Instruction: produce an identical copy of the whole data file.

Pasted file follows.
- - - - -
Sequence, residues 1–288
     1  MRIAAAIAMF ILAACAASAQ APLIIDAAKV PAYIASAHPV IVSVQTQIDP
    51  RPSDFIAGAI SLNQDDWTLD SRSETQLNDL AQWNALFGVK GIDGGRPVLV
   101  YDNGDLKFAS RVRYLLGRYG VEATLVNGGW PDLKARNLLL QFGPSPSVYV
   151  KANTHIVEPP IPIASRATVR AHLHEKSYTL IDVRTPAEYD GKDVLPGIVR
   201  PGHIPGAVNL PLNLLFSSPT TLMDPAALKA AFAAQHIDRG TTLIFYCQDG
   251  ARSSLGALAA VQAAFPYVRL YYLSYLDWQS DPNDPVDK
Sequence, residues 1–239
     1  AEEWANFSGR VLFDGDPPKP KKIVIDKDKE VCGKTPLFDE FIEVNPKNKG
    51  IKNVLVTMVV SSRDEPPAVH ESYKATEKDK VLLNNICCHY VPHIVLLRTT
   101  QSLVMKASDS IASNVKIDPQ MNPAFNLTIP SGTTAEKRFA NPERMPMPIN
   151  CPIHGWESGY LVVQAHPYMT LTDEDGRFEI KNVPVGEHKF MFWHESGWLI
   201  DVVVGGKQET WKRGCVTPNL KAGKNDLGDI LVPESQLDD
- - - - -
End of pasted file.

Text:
Sequence, residues 1–288
     1  MRIAAAIAMF ILAACAASAQ APLIIDAAKV PAYIASAHPV IVSVQTQIDP
    51  RPSDFIAGAI SLNQDDWTLD SRSETQLNDL AQWNALFGVK GIDGGRPVLV
   101  YDNGDLKFAS RVRYLLGRYG VEATLVNGGW PDLKARNLLL QFGPSPSVYV
   151  KANTHIVEPP IPIASRATVR AHLHEKSYTL IDVRTPAEYD GKDVLPGIVR
   201  PGHIPGAVNL PLNLLFSSPT TLMDPAALKA AFAAQHIDRG TTLIFYCQDG
   251  ARSSLGALAA VQAAFPYVRL YYLSYLDWQS DPNDPVDK
Sequence, residues 1–239
     1  AEEWANFSGR VLFDGDPPKP KKIVIDKDKE VCGKTPLFDE FIEVNPKNKG
    51  IKNVLVTMVV SSRDEPPAVH ESYKATEKDK VLLNNICCHY VPHIVLLRTT
   101  QSLVMKASDS IASNVKIDPQ MNPAFNLTIP SGTTAEKRFA NPERMPMPIN
   151  CPIHGWESGY LVVQAHPYMT LTDEDGRFEI KNVPVGEHKF MFWHESGWLI
   201  DVVVGGKQET WKRGCVTPNL KAGKNDLGDI LVPESQLDD